Local electrical responses in leaves make photosynthesis heat-tolerant
Plants exist in variable and often unfavorable environmental conditions, which requires the functioning of a variety of adaptive mechanisms for their survival under the action of stressors. The study of such adaptive mechanisms and identifying ways to control them opens up broad prospects for saving agricultural crops under drought and high temperatures, disease development, pests and other factors that threaten plant life. Currently, the vast majority of researchers are involved in the study of relatively slow adaptation processes that develop in the course of hours, days and weeks. However, in the case of a rapid development of stressors, such adaptive responses may not be effective enough. Therefore, it is important to identify mechanisms that lead to the development of adaptive changes within minutes or tens of minutes after the onset of the stress factor.
One such mechanism is related to the electrical responses of plants, which are the object of research done by Vladimir Sukhov, associate professor at the Department of Biophysics, Lobachevsky State University of Nizhny Novgorod, and his colleagues. They have published an article, "High-temperature tolerance of photosynthesis can be linked to local electrical responses in leaves of pea," in Frontiers in Physiology, as part of a separate research topic focused on the role of intercellular electric signals in the adaptation and communication of plants.
The researchers have shown for the first time that a moderate increase in leaf temperature induces the development of small electrical responses that last for several minutes. In about half of the experiments, such responses are observed even when leaf temperature increases to only 30°C, i.e. in conditions typical of the summer period. A more intense heating (up to 40°C and 45°C), which corresponds to extremely high temperatures during the summer season, causes additional electrical responses in plant leaves. This result is of fundamental importance, since in previous studies, the electrical responses were induced by heating the plant parts to a temperature above 50°C. The researchers wondered whether electrical responses that arise under strong heating can be observed under natural conditions or in the field. The findings of Nizhny Novgorod scientists show that this is very likely.
However, the fact that an electrical response is generated does not prove that it takes part in the adaptation process. Previous research showed that electrical responses caused by preliminary strong heating of a plant portion have a notable effect on the photosynthetic process in the plant as a whole and, in particular, increase its resistance to the subsequent action of high temperatures. At the same time, the possibility of a positive effect of the heat-induced electrical responses on the heat resistance of the photosynthetic process required additional analysis, which was carried out by Dr. Sukhov and his group. It was shown that the parameters of electrical signals are closely related to the thermal stability of the photosynthetic process. A higher heat resistance is observed for a higher amplitude of electrical responses, with a greater number of such responses occurring during heating, and also in the case of a lower temperature threshold for the development of the electrical response. The results show that the generation of electrical responses plays an essential role in increasing the thermal stability of photosynthetic processes in plant leaves. Additionally, the development of such an effect does not require extremely high temperatures, and can occur in the conditions of a usual hot day.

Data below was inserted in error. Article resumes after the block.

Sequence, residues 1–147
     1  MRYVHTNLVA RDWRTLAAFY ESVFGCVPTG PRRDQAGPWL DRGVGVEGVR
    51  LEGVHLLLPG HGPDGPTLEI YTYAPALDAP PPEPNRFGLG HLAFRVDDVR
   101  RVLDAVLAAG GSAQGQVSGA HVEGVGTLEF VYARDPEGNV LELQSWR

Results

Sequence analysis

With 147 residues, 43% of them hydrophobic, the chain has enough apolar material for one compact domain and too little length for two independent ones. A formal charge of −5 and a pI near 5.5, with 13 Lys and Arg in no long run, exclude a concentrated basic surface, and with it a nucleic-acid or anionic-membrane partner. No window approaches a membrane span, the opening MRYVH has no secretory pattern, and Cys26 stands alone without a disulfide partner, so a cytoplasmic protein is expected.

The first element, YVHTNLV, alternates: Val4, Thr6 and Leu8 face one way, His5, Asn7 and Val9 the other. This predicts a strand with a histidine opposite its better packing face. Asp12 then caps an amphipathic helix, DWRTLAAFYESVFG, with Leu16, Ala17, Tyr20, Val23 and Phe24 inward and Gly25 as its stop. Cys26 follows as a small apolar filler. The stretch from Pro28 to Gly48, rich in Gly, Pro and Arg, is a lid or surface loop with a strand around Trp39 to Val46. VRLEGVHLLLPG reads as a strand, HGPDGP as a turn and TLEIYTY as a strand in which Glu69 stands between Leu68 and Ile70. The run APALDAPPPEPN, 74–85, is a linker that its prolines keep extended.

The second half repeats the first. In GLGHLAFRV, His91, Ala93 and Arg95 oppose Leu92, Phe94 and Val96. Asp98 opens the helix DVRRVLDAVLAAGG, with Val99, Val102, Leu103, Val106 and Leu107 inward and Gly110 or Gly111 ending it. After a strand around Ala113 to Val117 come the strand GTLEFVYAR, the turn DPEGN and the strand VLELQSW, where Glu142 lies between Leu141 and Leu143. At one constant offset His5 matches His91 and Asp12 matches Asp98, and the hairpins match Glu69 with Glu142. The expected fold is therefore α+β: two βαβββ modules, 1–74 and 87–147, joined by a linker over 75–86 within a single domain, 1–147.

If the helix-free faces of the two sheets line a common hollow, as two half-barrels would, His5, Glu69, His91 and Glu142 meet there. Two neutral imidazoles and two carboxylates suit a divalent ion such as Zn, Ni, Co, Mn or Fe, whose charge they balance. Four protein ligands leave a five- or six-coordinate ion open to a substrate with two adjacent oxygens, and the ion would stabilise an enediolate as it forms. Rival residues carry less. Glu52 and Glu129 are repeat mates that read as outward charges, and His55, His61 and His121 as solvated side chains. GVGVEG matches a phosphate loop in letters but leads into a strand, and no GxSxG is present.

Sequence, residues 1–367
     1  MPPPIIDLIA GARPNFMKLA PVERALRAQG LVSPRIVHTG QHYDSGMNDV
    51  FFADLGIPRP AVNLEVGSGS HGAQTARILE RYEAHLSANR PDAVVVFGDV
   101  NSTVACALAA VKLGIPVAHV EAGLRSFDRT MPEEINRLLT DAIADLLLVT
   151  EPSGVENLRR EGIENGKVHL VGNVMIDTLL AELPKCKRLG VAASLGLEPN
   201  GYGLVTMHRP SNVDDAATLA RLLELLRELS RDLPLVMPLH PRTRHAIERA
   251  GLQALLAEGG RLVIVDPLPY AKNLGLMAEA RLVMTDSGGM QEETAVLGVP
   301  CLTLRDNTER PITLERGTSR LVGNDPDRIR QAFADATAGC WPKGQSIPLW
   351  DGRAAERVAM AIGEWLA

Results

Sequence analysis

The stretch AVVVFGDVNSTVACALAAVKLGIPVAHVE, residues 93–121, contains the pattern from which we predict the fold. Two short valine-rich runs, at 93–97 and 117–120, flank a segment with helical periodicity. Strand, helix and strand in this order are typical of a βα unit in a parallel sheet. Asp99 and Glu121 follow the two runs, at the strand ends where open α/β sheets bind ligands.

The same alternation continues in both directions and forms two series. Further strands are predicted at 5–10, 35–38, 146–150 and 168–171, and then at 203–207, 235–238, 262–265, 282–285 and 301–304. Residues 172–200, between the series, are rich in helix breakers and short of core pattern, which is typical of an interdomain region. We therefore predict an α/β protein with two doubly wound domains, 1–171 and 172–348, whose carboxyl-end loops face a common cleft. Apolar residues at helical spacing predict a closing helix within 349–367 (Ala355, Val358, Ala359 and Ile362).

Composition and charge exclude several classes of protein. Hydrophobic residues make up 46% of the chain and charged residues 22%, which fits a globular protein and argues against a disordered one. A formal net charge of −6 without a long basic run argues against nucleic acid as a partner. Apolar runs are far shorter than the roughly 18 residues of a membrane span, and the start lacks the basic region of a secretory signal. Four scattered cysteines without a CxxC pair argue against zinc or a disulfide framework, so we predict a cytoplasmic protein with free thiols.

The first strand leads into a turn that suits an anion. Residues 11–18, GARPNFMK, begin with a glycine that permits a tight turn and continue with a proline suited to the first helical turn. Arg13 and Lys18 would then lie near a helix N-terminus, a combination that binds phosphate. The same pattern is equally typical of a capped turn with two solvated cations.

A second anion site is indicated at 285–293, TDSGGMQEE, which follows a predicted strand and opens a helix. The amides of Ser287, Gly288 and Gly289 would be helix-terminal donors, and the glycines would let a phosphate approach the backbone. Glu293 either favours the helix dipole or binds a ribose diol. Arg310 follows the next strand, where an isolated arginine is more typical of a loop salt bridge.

The results of this research open wide prospects for developing methods to control the resistance of agricultural plants to high temperatures by controlling their ability to generate electrical responses. In particular, when there is a threat of high temperatures, which can be estimated on the basis of a weather forecast, or in case of the early detection of thermal damage in plants under field conditions, it is advisable to use methods that facilitate the generation of electrical responses to moderate heating of plant leaves. One such method consists of treating plants with stress hormones, which can significantly affect the state of plants even at very low active concentrations.
Thus, the research work of the Nizhny Novgorod scientists opens the way to controlling plant resistance by regulating electrogenesis. However, for achieving this type of control, it is necessary to implement a feedback system that will allow early diagnosis of the temperature damage of a particular plant (or a group of plants) in field conditions for taking the necessary measures. The main current task of Dr. Sukhov and his team is to create such a system based on the registration of reflective index of leaves.